We have arrived at the end of week 11 and we will walk the $209,000 Wellington Agricultural Services Grand Prix CSI4*. Our course designer for the week has been Olaf Petersen Jr. (GER) and as in the past has done a stellar job.
This has not been an easy week for the CD because of the weather. On Monday and Tuesday we had constant rain and because this is a week of courses on the Derby Field the footing was not able to host the WEF qualifier on Thursday. We are so fortunate to have multiple arenas in which to hold our major classes and the Global Dressage Arena was the host of the WEF Challenge. I walked the Derby Field early on Thursday and felt that it would not remain fair to all the entries in this qualifier. There were over 60 entries and in some areas of the field the grass was too soft to remain consistent for the last half of the entries. This was a disappointment for some of the entries but the safety of the horse and rider was the main consideration in moving to the stadium arena.
The WEF qualifier was a very good class with 12 clean, a couple of time fault rounds and there were 20 rounds of 4 faults. I did not keep track of the whole class but I hope I am close on the numbers. The weather cooperated over the next two days and the grand prix will be held on the grass on the Derby Field. The footing for this event was perfect.
It is 11 a.m. Saturday morning the weather is perfect and we have 45 entered with 1 scratch and 1 add so we will see 45 break the timers. The TA is set at 89 seconds (longest TA of the season). There are 13 numbered obstacles and 16 efforts. The course will show 2 liverpools, 1 triple combination, 1 double combination and a triple bar. There is no open water and there is no plank vertical. I must not that there are several jumps that are made of 10ft material and I should have made note of these jumps earlier this season. The short pole vertical refers to the use of the 8ft poles. This course does not use a vertical of the 8ft poles. The TA of 89 seconds will not be changed. It is now time to begin the walk of the $209,000 Wellington Agricultural Services Grand Prix CSI4*.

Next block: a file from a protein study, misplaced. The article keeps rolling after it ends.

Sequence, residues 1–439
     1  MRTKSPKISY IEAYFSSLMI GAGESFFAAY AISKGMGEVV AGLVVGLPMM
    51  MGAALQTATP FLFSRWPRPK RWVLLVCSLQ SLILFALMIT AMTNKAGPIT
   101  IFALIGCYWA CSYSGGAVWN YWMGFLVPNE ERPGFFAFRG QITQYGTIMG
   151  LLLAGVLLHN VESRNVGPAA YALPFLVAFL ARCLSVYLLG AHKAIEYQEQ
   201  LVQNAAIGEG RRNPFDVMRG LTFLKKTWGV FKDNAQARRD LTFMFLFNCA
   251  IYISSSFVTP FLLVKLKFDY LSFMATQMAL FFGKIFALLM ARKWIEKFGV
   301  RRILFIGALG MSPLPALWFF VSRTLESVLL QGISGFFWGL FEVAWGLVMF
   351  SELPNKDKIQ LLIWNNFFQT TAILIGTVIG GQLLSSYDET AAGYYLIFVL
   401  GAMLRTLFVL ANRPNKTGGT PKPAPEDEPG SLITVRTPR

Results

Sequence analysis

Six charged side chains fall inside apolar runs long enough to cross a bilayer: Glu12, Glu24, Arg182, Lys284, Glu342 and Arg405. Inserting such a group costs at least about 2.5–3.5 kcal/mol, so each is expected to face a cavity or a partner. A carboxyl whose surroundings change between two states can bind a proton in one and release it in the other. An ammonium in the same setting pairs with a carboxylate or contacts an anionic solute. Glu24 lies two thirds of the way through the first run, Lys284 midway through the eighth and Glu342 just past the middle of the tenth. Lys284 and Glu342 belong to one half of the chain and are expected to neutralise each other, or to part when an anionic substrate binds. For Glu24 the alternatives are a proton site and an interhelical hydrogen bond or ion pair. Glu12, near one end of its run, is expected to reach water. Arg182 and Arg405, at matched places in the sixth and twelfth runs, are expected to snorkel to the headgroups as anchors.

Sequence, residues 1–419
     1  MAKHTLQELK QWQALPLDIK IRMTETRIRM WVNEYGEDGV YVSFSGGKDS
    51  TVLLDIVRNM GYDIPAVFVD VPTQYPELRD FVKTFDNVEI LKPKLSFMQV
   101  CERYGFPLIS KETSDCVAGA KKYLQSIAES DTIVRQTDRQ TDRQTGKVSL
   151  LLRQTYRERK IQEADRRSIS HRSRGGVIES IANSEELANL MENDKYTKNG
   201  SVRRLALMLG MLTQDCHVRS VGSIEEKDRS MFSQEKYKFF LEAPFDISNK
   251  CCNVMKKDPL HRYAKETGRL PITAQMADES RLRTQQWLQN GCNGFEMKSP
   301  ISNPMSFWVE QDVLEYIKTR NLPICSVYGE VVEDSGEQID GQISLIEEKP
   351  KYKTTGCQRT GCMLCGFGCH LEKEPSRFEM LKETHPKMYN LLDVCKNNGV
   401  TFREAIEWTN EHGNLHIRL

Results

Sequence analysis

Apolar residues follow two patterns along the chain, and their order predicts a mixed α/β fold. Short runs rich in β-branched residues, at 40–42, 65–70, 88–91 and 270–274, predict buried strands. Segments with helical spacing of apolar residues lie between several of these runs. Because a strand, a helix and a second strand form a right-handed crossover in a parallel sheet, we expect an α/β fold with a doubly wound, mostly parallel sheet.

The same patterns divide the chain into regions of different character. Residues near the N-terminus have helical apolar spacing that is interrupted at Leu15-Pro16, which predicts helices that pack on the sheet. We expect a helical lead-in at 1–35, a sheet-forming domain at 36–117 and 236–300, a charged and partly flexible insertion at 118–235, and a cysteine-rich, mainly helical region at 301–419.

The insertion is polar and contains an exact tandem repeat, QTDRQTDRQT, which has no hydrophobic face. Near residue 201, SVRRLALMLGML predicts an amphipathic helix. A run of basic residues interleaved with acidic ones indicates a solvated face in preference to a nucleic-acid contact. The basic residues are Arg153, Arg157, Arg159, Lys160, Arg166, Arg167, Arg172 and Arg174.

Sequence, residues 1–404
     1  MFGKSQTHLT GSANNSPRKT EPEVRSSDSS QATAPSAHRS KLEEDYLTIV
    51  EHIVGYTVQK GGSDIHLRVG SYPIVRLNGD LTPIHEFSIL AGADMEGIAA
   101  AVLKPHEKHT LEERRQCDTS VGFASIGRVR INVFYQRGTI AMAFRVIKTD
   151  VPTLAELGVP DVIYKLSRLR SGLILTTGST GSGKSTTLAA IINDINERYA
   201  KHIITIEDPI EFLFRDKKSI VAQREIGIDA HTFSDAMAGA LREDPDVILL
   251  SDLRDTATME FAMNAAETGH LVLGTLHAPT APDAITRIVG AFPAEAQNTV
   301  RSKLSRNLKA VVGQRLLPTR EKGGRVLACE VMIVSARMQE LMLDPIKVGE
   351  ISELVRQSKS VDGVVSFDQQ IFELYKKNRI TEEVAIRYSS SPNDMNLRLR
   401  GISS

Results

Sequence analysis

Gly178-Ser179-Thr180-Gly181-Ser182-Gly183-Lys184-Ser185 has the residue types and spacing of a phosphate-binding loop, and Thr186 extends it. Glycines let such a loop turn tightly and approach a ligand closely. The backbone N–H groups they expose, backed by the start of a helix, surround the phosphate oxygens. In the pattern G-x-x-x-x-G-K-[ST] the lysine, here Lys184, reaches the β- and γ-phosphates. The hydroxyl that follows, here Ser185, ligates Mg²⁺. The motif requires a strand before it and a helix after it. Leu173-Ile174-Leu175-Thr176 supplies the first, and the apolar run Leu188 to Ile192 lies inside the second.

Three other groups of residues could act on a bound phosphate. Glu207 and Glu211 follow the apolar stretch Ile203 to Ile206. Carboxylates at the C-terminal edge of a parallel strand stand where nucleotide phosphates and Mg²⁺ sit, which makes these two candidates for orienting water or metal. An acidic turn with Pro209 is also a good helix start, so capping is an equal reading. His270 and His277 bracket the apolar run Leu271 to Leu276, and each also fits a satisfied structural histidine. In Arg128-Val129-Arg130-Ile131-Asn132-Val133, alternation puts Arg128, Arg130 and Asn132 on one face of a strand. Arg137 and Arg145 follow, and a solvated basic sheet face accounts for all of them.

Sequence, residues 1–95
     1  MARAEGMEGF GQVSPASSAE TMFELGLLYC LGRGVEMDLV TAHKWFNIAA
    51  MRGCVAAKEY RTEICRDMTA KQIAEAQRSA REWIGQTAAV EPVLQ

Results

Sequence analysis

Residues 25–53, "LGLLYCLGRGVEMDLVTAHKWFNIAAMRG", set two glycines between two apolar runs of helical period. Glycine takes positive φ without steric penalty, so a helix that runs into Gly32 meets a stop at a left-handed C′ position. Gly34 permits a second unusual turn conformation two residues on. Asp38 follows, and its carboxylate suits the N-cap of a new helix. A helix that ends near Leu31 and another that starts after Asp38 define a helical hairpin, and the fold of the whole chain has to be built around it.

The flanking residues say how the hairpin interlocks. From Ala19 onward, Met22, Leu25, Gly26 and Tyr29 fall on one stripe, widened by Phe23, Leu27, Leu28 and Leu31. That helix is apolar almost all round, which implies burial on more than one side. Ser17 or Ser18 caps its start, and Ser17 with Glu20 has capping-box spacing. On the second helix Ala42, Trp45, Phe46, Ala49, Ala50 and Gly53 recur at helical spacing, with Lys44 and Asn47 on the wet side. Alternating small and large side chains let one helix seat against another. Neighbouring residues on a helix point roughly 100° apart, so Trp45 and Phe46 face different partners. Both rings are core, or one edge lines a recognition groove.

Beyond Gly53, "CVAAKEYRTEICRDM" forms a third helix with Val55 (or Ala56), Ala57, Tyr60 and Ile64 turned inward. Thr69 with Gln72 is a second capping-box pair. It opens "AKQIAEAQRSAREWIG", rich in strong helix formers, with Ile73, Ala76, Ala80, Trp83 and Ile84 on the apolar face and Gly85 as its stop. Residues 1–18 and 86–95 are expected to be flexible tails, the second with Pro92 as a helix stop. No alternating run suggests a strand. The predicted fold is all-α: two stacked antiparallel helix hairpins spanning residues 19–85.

#1 oxer 1.50/1.40m or 5/4.6ft at and away from the in-gate did some damage with 2 rails on the turf and 2 refusals.
#2 vertical 1.55m or 5.1ft come on a full turn left back to the in-gate and was one of only two jumps not faulted on the day.
#3 oxer 1.49/1.60m or 5/5.3ft comes on the right rein with no given distance (long gallop) and bit the turf 1 time.
#4a vertical 1.53m or 5.1ft comes from #3 on a very soft bend left with a distance of 33m or 108ft and was pushed to the floor 3 times.
#4b oxer 1.50/1.60m or 5/5.3ft comes from #4a with a distance of 7.90m or 25.9ft and tumbled to the turf 8 times.
#4c narrow oxer 1.55/1.20m or 5.1/4ft comes from #4b with a distance of 11.30m or 37ft and kissed mother earth 8 times and also created 1 refusal. The triple rode difficult but the distances within and to the combination were standard and I cannot explain the reason for this much difficulty. The distance to #4c was a little forward and maybe the horses jumped this oxer more like a vertical than an oxer.
#5 vertical 1.60m or 5.3ft comes from #4c on a full turn right and fell from grace 8 times.
#6 oxer 1.52/1.70m or 5/5.6ft comes from #5 on a long gallop on the left rein and was damaged 6 times.
#7 plank gate vertical 1.57m or 5.1ft comes from #6 on the role back turn on the right rein and slipped from the flat cups only I time. This was the best visual jump on the course and is the type of visual jumps that we need more of. Our courses today are visually boring and need to have a lot more visual spice. Stephens Designs where are you?